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Common terminology criteria for adverse events due to cancer therapy

Last reviewed: October 2023

Authors: Dr Jeffrey Lee, Medical Registrar, Christchurch Hospital; Associate Professor Amanda Oakley, Dermatologist, Waikato Hospital; and Dr Michelle Vaughan, Medical Oncologist, Christchurch Hospital, New Zealand (2023)

Reviewing dermatologist: Dr Ian Coulson

Edited by the DermNet content department


What are the common terminology criteria for adverse events?

The common terminology criteria for adverse events (CTCAE) describes a grading system for adverse event reporting associated with cancer therapy.

Tell me more about the common terminology criteria for adverse events

The CTCAE were developed in 1982 by the US National Cancer Institute (NCI) to collect standardised treatment-related data about adverse events to help evaluate new cancer therapies.

  • The current version (5.0) of the publication about the criteria was published in 2017. Version 6.0 is under development at the time of writing.
  • Its development has been assisted by various regulatory agencies, international clinical trial groups, representatives from the pharmaceutical industry, and researchers.
  • The criteria are grouped by anatomical and physiological systems using the system organ class from the Medical Dictionary for Regulatory Activities (MedDRA) hierarchy.

Who uses the common terminology criteria for adverse events and why?

The CTCAE are widely used by oncologists, other internal medicine specialists, and researchers involved in cancer therapy clinical trials. 

  • This provides an objective framework to assess toxicity, by assigning grades, to ensure consistent reporting in clinical records and trials and enable comparison between drugs.
  • An important function is to provide guidance and homogeneity in criteria for drug dose reductions and discontinuations for skin toxicity.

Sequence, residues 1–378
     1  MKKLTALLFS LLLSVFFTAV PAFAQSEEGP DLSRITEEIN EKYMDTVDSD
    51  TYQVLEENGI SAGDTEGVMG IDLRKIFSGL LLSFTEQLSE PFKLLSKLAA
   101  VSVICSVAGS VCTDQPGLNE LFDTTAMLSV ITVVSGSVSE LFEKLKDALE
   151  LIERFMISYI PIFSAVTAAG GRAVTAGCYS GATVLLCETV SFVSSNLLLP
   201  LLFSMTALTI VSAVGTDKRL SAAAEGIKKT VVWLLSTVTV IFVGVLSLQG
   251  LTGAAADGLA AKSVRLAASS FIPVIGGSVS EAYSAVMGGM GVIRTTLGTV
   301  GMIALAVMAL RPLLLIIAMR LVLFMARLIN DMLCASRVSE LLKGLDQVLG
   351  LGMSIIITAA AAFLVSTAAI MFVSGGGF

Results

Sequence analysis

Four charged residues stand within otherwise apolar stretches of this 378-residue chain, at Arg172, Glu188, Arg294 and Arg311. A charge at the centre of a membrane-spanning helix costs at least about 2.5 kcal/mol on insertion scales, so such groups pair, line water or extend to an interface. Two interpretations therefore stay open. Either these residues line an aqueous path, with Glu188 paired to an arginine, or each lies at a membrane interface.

In oncology, there are a host of new active therapies including targeted agents and immunotherapy which cause skin toxicity. Dose delays and reductions, or in the case of immunotherapy, high-dose steroids to ‘turn off’ the immune response, may influence the effectiveness of the oncology agent. The CTCAE provides a framework to ensure dose changes are done according to international recommendations.

Dermatological adverse events in the common terminology criteria for adverse events

Cutaneous adverse events are found in three sections of the CTCAE:

What is the grading system for the common terminology criteria for adverse events?

The CTCAE are classified as Grades 1 to 5:

  • Grade 1: mild symptoms
  • Grade 2: moderate symptoms limiting important activities of daily living, such as shopping, housecleaning, managing finances, food preparation, using a phone and managing transport such as driving or catching a bus.
  • Grade 3: severe or limiting symptoms preventing self-care such as dressing and undressing, eating, walking around, getting in and out of bed, using the toilet and showering
  • Grade 4: life-threatening symptoms
  • Grade 5: death. 

Body surface area (BSA) has been incorporated into grading dermatological adverse events: